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Banff Acts, But Is the Province’s Wildfire Prep Playing with Fire or Just Playing Around?

Communities across the province are taking matters into their own hands to protect themselves from the upcoming wildfire season

The world is stumbling from crisis to crisis. And Alberta is no different. 

In the past, local governments mostly had to make sure potholes were fixed and the garbage was picked up. Now, they are being forced to deal with life and death issues: homeless people, toxic drugs and climate change.

After the worst wildfire season on record last year, and with evacuations that happened in 48 communities across the province affecting 38,000 people, the Town of Banff is stepping up to help residents feel safer about the threat of wildfires in their area. 

To ease the community’s wildfire worries, the town will hold a community meeting sometime early this year to discuss wildfire preparedness.

The idea for the meeting came from a community social assessment report in 2023 that looked at how people in the community feel about different things. 

The report found Banff residents are more worried about wildfires than ever before. 

Town residents are especially concerned about being able to get out of their homes safely if there’s a fire, particularly in the Middle Springs part of town.

Middle Springs is of particular concern because there is a dense forest in the middle of the neighbourhood.

FireSmart Program 

The Town of Banff is working with Alpine Precision, a tree services contractor, from January to April to reduce wildfire risk in the Middle Springs area.

Parks Canada fire crews are also working behind the Banff Park offices until February 15 to ensure the area is safer.

Reducing wildfire risk involves cutting and thinning trees, removing or burning logs, dead-standing trees, and brushes.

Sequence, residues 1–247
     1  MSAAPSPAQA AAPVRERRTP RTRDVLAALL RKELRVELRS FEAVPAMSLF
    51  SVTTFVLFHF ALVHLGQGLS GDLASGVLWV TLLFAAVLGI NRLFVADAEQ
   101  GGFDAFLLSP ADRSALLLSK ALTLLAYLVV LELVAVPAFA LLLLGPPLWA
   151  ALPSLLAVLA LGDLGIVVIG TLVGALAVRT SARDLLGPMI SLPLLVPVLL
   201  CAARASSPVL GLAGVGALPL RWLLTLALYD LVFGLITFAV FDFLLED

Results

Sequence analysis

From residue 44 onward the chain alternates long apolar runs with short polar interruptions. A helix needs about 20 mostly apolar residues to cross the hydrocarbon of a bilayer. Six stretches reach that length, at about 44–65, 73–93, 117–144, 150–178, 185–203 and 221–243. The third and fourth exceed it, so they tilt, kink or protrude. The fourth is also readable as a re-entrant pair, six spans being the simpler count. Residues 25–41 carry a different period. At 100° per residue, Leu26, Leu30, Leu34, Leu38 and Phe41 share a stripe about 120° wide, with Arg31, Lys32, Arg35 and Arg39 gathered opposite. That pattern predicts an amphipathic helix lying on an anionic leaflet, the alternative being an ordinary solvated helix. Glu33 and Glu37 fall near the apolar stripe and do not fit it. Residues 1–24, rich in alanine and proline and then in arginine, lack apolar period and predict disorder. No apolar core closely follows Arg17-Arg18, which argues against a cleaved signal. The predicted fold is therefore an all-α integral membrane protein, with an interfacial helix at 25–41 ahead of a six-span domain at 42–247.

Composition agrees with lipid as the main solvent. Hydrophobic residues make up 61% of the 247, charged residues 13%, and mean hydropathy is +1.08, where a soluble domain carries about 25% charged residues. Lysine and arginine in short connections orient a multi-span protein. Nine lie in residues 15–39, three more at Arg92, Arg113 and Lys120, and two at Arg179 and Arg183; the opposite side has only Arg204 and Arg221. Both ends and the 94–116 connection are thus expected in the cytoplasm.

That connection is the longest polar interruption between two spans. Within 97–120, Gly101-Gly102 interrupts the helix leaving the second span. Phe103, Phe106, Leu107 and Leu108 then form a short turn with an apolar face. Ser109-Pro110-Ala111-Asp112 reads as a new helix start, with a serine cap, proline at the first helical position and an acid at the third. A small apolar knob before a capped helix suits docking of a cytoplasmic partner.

These activities are part of the FireSmart Program, which is designed to reduce the risk of wildfires and educate residents on wildfires.

The Middle Springs area in Banff. Areas marked in purple show where FireSmart activities are being carried out | Town of Banff
The Middle Springs area in Banff. Areas marked in purple show where FireSmart activities are being carried out | Town of Banff

Preparedness Meeting Moved Ahead 

Initially, the plan was to have the wildfire preparedness meeting in 2025. 

But, because of growing public concern, one of the Town Council members, Barb Pelham, thought it was essential to have it sooner. 

Pelham convinced most of the other Council members to spend $8,300 to have the meeting this year instead.

“I think it’s important to respond to what the community is worried about, especially when it comes to wildfires. It’s clear that a lot of people are concerned about this,” said Pelham.

Back in 2021, Banff had a similar meeting about wildfires. 

At that time, the Council provided the latest information on wildfire risks, what Banff is doing to prepare for fires, and what people in the community should know and do if there’s a fire.

Things are getting more serious now.

Alberta has had a severe shortage of rain and snow for going on three years, and people are worried that the next year might be even hotter than the last one, which was the hottest ever recorded worldwide.

This means that places like Banff in Alberta might have to deal with more smoke and fires starting this spring.

Fire crews thinning and removing dead greenery that could fuel a potential wildfire | Banff National Park | Facebook
Fire crews thinning and removing dead greenery that could fuel a potential wildfire | Banff National Park | Facebook

2023: When Canada Burned!